1911 Encyclopædia Britannica/Lanman, Charles Rockwell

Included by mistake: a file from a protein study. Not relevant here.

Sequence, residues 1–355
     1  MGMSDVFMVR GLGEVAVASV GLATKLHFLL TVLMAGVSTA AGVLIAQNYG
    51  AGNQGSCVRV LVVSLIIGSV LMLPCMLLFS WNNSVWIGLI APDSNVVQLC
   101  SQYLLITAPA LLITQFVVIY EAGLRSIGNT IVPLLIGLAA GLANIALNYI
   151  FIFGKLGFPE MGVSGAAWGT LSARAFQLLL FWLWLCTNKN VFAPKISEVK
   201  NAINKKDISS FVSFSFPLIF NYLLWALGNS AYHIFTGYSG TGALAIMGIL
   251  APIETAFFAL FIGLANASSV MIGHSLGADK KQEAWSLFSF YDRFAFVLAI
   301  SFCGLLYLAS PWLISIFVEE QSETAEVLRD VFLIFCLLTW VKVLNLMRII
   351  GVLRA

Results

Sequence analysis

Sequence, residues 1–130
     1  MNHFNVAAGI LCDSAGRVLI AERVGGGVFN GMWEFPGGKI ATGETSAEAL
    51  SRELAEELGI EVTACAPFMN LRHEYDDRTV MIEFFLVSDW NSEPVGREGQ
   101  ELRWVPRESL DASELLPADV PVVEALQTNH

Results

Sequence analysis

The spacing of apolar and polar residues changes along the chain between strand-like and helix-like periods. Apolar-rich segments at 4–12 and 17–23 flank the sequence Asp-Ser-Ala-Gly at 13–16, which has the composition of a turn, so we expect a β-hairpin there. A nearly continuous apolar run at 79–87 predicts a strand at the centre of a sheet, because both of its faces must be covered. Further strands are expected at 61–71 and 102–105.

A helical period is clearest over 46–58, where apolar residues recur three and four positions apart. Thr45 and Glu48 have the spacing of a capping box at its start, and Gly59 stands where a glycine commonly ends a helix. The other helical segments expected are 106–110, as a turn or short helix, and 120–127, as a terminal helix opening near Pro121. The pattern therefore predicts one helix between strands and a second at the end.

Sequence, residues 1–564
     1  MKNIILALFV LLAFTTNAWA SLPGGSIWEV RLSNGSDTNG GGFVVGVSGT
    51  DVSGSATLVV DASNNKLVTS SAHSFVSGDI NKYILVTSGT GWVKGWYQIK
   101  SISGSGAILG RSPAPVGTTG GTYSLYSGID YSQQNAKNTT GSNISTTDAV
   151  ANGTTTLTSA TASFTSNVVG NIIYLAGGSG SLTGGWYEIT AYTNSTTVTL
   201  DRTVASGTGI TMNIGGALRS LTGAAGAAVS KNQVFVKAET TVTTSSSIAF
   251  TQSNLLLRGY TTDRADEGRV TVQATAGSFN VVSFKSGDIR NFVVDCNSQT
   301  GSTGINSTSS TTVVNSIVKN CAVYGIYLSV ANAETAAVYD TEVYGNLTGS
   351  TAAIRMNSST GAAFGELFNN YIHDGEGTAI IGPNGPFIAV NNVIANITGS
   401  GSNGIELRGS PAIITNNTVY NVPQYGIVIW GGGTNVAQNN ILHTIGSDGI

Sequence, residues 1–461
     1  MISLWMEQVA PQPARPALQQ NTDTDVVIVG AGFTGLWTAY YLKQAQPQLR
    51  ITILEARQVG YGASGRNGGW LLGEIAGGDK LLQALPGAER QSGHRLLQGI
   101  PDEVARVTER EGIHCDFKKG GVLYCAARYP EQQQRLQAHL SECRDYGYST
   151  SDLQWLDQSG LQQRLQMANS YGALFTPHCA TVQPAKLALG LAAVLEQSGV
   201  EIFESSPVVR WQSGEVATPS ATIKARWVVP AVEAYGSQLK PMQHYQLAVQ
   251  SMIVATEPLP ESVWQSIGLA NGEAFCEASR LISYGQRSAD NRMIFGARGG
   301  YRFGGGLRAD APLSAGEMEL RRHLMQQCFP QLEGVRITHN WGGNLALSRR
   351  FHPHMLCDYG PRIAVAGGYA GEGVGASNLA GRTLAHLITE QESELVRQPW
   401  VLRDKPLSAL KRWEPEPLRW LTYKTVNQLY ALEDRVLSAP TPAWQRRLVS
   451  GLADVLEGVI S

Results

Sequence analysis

LANMAN, CHARLES ROCKWELL (1850–  ), American Sanskrit scholar, was born in Norwich, Connecticut, on the 8th of July 1850. He graduated at Yale in 1871, was a graduate student there (1871–1873) under James Hadley and W. D. Whitney, and in Germany (1873–1876) studied Sanskrit under Weber and Roth and philology under Georg Curtius and Leskien. He was professor of Sanskrit at Johns Hopkins University in 1876–1880 and subsequently at Harvard University. In 1889 he travelled in India and bought for Harvard University Sanskrit and Prākrit books and manuscripts, which, with those subsequently bequeathed to the university by Fitzedward Hall, make the most valuable collection of its kind in America, and made possible the Harvard Oriental Series, edited by Professor Lanman. In 1879–1884 he was secretary and editor of the Transactions, and in 1889–1890 president of the American Philological Association, and in 1884–1894 he was corresponding secretary of the American Oriental Society, in 1897–1907 vice-president, and in 1907–1908 president. In the Harvard Oriental Series he translated (vol. iv.) into English Rājaçekhara’s Karpūra-Mañjarī (1900), a Prākrit drama, and (vols. vii. and viii.) revised and edited Whitney’s translation of, and notes on, the Atharva-Veda Samhitā (2 vols., 1905); he published A Sanskrit Reader, with Vocabulary and Notes (2 vols., 1884–1888); and he wrote on early Hindu pantheism and contributed the section on Brahmanism to Messages of the World’s Religions.